6th June 2023
Despite the apparent lack of obvious tailwinds for global economic growth, May offered investors a second consecutive month of relative calm following March’s demise of Silicon Valley Bank and Credit Suisse.
Global equities finished the month in positive territory, returning 0.6%, broadly outperforming global bonds, which returned -0.7% (both in sterling terms). Gains were fuelled in part by the prospect of developments in AI (or Artificial Intelligence) – or more specifically, the potential efficiencies it could bring for businesses in the future. US Chip maker, Nvidia, was one notable beneficiary, seeing its market value reach $1 trillion during the month. Not for the first time this year, the month was characterised by mixed, yet broadly robust economic data despite the uncertain outlook for the period ahead. As consumers continued to face an inflated cost of living, markets were left to grapple with any subsequent fallout from fluctuating interest rate expectations. The US Federal Reserve’s (Fed) latest ‘dot plot’ (that is the chart they use to record official projections for their key short-term interest rate) suggests that the latest rate hike (to 5-5.25%) on 3rd May would be the last this year, followed by a pause, but with no cuts expected this side of Christmas. Almost as an aside to the headlines, but arguably of at least equal importance, is a backdrop that has provided the fastest money supply contraction in the US since the 1930s. The month ended with the somewhat controversial passing of a bill to raise the country’s debt ceiling for the next two years. If approved by the Senate in June, the bill will essentially allow the US government to continue to meet its debt obligations without default – with any alternative scenario virtually unthinkable.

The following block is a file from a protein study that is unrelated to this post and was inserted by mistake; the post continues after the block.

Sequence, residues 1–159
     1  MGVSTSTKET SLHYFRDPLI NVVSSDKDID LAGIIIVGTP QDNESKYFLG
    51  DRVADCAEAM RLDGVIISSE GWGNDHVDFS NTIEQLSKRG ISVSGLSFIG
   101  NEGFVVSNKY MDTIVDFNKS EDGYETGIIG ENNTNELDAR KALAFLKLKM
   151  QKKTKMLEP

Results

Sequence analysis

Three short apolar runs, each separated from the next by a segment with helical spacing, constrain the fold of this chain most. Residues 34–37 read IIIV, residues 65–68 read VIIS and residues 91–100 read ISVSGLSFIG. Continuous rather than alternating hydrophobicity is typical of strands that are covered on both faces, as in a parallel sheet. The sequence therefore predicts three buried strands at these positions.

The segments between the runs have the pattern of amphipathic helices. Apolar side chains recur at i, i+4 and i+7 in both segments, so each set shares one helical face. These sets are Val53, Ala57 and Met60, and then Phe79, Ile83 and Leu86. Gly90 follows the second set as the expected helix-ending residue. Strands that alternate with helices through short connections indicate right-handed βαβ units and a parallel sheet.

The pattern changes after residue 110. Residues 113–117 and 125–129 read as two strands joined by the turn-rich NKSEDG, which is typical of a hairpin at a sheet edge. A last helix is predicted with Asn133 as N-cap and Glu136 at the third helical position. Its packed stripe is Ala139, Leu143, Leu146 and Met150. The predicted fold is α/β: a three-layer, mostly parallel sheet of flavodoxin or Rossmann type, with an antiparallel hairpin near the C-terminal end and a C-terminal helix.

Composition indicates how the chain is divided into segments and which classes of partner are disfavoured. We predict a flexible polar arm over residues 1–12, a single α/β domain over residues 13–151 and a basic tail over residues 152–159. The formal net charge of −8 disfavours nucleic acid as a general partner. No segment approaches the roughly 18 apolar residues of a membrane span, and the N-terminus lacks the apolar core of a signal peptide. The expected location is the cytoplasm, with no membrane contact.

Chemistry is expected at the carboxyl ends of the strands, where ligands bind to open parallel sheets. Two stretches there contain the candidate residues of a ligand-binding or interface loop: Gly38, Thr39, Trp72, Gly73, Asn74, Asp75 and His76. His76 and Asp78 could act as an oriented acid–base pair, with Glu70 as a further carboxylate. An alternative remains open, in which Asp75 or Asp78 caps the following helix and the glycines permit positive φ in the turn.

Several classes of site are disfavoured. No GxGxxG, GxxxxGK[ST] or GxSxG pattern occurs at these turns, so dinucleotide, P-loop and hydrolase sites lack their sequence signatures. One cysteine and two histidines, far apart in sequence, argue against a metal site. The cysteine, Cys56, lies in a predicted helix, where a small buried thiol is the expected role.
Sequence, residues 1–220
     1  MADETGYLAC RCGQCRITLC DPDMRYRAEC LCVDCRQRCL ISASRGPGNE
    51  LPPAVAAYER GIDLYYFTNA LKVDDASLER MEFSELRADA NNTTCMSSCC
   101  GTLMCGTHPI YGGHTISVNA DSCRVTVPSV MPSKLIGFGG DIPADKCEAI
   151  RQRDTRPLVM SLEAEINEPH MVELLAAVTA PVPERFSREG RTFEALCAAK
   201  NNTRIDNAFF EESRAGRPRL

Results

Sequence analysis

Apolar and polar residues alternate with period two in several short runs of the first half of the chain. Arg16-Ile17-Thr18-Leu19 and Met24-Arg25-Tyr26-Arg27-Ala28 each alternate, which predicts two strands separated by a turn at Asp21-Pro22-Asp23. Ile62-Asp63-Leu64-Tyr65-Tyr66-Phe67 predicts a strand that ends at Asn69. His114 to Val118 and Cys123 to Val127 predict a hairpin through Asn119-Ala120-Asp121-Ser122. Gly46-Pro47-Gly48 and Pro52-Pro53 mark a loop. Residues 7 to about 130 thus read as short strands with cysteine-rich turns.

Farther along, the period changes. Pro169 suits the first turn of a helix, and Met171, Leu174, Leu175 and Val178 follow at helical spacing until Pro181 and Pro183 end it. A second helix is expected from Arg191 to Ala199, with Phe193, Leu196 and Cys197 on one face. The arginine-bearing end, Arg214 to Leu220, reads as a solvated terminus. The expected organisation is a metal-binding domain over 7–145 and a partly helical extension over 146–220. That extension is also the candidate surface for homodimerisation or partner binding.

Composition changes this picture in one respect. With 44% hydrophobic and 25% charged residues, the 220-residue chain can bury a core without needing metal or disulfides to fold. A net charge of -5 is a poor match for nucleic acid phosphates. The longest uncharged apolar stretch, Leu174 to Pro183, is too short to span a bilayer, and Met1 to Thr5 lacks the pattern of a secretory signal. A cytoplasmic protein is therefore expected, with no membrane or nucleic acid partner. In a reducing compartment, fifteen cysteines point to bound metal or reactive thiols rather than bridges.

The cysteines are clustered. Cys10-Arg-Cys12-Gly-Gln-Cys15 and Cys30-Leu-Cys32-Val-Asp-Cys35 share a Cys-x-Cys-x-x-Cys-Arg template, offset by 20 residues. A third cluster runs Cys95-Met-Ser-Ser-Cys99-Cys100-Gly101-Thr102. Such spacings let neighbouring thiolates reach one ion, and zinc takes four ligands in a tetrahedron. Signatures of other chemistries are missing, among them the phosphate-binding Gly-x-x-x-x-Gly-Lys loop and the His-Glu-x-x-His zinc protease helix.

Although broadly out of favour with some of the biggest global asset allocators in the world, the US was one of the standout contributors for global equities during the month. There was an aggregate return of 3.1% across the two major US markets, with a notable divergence between market constituents. Whilst several large technology names, such as Nvidia (+36.3%), Microsoft (+7.6%) and Apple (+5.2%) provided strong returns, some of the more cyclical and traditional bellwethers, such as Nike (-17.3%) and Walt Disney (-12.6%) suffered. It might be a surprise to some, but in a way, this typified the dominance of ‘growth’ stocks over their ‘value’ and, to an extent, their ‘quality’ counterparts, year to date. In a reversal to last year, the former has significantly outperformed so far in 2023, albeit fuelled by pockets of the market that are arguably reliant on the prospect of cheaper financing costs in the not-too-distant future. Economic data continued to point towards a pending downturn, with evidence of only a marginal slowdown in inflation (from 5.0% to 4.9%) and the thus far relatively robust labour market also showing signs of weakness. Examples included wage growth contraction in the construction sector, a reduction in overtime hours on offer and dwindling excess household savings. The year-to-date (to end of April) also represents the highest level of US corporate bankruptcies since 2010.
Other Developed Markets